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Successfully Hiring In Business Development

Posted by Doug Davidoff

Sep 26, 2011 10:48:00 AM

Help WantedPotentially good news for the economy.  A recent article in the Wall Street Journal, reports that "More small businesses plan to hire in the next six months than those that won’t, with demand strongest in sales and marketing, a new survey shows."  Interestingly, 48% of those planning to hire are focusing on sales and marketing jobs.

My hope is that these businesses hiring realize that people are one (critical) part of a successful growth effort.  My fear is that these businesses will overestimate the importance of the people decision and underestimate the other components of success; and will fail to achieve the growth they desire.  My experience would indicate the latter is the most probably outcome.

I've said it before, the key to successful, sustainable growth is the implementation of an effective system that supports people.  Like it, or not, the system comes before the people.  Hiring someone before the system is in place is a recipe for disaster.

There are two grave mistakes that small and mid-market companies (SME) make time and again when hiring sales and marketing people.  If you're one of those companies that is looking to hire in the next six months I implore you to avoid these common mistakes.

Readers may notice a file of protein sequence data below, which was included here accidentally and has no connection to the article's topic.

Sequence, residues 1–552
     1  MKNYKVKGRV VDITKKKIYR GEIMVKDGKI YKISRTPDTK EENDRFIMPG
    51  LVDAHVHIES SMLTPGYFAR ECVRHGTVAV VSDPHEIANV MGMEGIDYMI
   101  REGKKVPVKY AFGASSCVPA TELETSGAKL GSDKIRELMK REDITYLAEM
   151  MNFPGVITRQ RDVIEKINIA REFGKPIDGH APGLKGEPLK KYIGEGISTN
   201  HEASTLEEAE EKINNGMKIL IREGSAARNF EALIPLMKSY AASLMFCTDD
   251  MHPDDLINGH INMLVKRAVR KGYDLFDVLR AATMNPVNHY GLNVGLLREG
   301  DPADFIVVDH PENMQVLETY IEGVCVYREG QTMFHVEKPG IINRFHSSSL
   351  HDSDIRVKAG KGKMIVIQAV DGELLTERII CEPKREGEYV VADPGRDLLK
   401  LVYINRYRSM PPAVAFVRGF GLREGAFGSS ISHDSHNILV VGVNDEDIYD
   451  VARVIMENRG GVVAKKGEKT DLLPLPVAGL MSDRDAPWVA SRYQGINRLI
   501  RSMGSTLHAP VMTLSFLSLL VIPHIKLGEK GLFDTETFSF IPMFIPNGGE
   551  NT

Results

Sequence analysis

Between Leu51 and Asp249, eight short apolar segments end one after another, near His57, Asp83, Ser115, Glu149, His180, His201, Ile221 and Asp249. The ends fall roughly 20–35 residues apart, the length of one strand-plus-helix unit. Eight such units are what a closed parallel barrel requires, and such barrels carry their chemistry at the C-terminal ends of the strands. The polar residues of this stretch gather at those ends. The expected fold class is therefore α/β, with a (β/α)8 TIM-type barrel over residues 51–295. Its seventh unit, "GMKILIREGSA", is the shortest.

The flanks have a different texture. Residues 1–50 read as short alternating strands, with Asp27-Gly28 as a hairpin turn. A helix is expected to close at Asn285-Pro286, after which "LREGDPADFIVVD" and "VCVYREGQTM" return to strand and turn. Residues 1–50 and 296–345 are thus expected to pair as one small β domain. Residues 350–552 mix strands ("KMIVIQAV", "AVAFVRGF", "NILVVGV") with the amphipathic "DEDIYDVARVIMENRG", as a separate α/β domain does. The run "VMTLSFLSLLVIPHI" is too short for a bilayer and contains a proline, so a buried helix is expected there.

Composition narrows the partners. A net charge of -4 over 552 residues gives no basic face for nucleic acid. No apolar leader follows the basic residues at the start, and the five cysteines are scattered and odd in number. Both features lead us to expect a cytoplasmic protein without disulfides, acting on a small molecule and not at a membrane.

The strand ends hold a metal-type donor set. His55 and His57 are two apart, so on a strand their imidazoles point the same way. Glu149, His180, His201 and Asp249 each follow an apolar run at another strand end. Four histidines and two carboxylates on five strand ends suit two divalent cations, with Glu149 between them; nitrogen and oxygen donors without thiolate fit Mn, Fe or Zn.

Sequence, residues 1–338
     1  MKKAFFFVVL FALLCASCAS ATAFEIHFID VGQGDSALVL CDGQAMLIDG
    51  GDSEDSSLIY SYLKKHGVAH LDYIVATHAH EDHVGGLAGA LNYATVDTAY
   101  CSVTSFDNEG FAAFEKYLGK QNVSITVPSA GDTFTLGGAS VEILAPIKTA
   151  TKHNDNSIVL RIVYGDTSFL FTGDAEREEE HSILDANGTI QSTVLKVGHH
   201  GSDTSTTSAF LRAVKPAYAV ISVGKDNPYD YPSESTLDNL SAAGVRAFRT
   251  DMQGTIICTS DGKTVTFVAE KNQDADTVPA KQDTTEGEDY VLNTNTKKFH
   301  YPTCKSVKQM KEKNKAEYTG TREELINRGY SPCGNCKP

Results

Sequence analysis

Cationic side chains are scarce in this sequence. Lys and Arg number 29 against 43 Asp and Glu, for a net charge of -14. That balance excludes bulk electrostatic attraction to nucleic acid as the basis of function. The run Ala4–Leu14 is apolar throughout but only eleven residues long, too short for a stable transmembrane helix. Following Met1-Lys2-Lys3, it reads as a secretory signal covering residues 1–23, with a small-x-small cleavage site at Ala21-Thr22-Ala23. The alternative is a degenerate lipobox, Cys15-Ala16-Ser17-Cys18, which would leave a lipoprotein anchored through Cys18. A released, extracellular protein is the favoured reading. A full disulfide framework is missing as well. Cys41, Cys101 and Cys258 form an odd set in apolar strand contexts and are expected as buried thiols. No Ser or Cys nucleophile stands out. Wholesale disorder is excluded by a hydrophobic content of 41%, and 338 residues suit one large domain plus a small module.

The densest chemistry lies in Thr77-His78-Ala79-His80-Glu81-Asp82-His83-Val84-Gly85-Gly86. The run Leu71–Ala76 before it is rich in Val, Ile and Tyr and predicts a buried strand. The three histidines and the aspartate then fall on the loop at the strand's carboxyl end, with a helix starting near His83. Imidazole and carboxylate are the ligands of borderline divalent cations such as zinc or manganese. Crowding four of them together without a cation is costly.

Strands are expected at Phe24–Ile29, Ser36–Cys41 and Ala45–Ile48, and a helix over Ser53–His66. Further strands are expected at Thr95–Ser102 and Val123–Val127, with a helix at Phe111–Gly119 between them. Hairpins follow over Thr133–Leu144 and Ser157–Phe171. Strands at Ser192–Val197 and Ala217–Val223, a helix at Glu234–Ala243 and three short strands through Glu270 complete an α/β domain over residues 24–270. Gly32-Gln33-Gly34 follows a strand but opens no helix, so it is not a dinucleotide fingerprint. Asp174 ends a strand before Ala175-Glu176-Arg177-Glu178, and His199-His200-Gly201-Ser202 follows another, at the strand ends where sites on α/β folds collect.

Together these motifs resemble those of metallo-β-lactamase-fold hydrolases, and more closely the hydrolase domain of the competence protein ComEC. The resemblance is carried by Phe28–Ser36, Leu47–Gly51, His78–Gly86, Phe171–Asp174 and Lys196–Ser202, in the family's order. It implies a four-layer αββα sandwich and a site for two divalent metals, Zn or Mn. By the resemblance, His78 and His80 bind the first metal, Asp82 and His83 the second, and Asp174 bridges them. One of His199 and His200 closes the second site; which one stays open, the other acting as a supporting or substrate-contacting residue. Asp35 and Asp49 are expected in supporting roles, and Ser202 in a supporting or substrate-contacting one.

Hiring Someone to "Develop The System"

This mistake is especially common when the founder or the CEO is not the sales and marketing expert.  It's such a dangerous mistake because it seems logical and just makes a lot of sense.  It was Bill Parcels who said, "If you want me to cook the dinner, you've got to let me shop for the groceries."   Let's hire someone who has the experience and let them build the system.

So the business goes out, hires someone who sold for (fill in name of major company).  Six months later the company is still dealing with the same basic issues they were dealing with before.  "It's okay," the CEO rationalizes, "these things take time."  One year later, the only thing that has measurably changed is that the SME has higher sales costs.  They're still commoditzed, still fighting for share and price, and still wondering why salespeople just don't work.

The reason that this fails is that hiring someone to develop and implement a system is a very different hire than a hire to lead, which in turn is a very different hire than one to sell.  Just because someone has worked in an effective sales or marketing system does not mean they have the ability to build one.

Confusing Delegation with Abdication

One of the things I've learned working with SME's is that many heads of these companies don't enjoy the sales or marketing function.  They would prefer to do the work or to serve clients than to deal with the insanity called sales and marketing.  When they hire on the sales and marketing side, they use "delegation" as an excuse to abdicate.

I've got news for the owners/CEOs of 98% of companies with less than $100 million.  Like it or not, you are the chief sales officer and the chief marketing officer.  You can hire someone to execute.  You can even hire someone to lead the effort.  But, until the company is truly and totally independent of you, you are the chief there.  You must be invested and involved in the process.  While this approach can appear to be more painful, it will save you tremendous aggravation in the long run.

 

Topics: B2B Sales Strategy, Sales Training/Coaching